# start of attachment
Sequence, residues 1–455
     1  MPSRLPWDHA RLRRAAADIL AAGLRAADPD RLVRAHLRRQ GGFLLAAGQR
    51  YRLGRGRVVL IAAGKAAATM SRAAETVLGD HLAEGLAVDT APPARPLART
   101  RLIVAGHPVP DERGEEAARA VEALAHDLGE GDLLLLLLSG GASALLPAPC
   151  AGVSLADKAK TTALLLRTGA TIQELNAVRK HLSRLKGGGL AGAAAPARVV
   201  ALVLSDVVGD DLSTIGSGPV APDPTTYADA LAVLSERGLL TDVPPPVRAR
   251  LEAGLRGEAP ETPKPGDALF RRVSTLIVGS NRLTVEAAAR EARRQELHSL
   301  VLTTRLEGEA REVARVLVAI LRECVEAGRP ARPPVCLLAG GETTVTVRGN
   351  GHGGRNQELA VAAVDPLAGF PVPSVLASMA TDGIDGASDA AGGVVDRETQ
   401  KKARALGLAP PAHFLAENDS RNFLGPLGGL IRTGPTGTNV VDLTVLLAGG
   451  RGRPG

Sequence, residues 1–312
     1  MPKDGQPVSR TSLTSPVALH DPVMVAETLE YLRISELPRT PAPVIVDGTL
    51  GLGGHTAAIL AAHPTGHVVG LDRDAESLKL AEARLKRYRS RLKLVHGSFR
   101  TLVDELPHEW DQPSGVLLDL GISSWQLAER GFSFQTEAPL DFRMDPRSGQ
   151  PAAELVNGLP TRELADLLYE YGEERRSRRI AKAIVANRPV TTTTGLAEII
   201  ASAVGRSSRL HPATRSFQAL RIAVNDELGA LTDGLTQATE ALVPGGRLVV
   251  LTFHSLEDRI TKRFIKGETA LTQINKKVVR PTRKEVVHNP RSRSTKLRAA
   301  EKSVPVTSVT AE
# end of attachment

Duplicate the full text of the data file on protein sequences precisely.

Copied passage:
Sequence, residues 1–455
     1  MPSRLPWDHA RLRRAAADIL AAGLRAADPD RLVRAHLRRQ GGFLLAAGQR
    51  YRLGRGRVVL IAAGKAAATM SRAAETVLGD HLAEGLAVDT APPARPLART
   101  RLIVAGHPVP DERGEEAARA VEALAHDLGE GDLLLLLLSG GASALLPAPC
   151  AGVSLADKAK TTALLLRTGA TIQELNAVRK HLSRLKGGGL AGAAAPARVV
   201  ALVLSDVVGD DLSTIGSGPV APDPTTYADA LAVLSERGLL TDVPPPVRAR
   251  LEAGLRGEAP ETPKPGDALF RRVSTLIVGS NRLTVEAAAR EARRQELHSL
   301  VLTTRLEGEA REVARVLVAI LRECVEAGRP ARPPVCLLAG GETTVTVRGN
   351  GHGGRNQELA VAAVDPLAGF PVPSVLASMA TDGIDGASDA AGGVVDRETQ
   401  KKARALGLAP PAHFLAENDS RNFLGPLGGL IRTGPTGTNV VDLTVLLAGG
   451  RGRPG

Sequence, residues 1–312
     1  MPKDGQPVSR TSLTSPVALH DPVMVAETLE YLRISELPRT PAPVIVDGTL
    51  GLGGHTAAIL AAHPTGHVVG LDRDAESLKL AEARLKRYRS RLKLVHGSFR
   101  TLVDELPHEW DQPSGVLLDL GISSWQLAER GFSFQTEAPL DFRMDPRSGQ
   151  PAAELVNGLP TRELADLLYE YGEERRSRRI AKAIVANRPV TTTTGLAEII
   201  ASAVGRSSRL HPATRSFQAL RIAVNDELGA LTDGLTQATE ALVPGGRLVV
   251  LTFHSLEDRI TKRFIKGETA LTQINKKVVR PTRKEVVHNP RSRSTKLRAA
   301  EKSVPVTSVT AE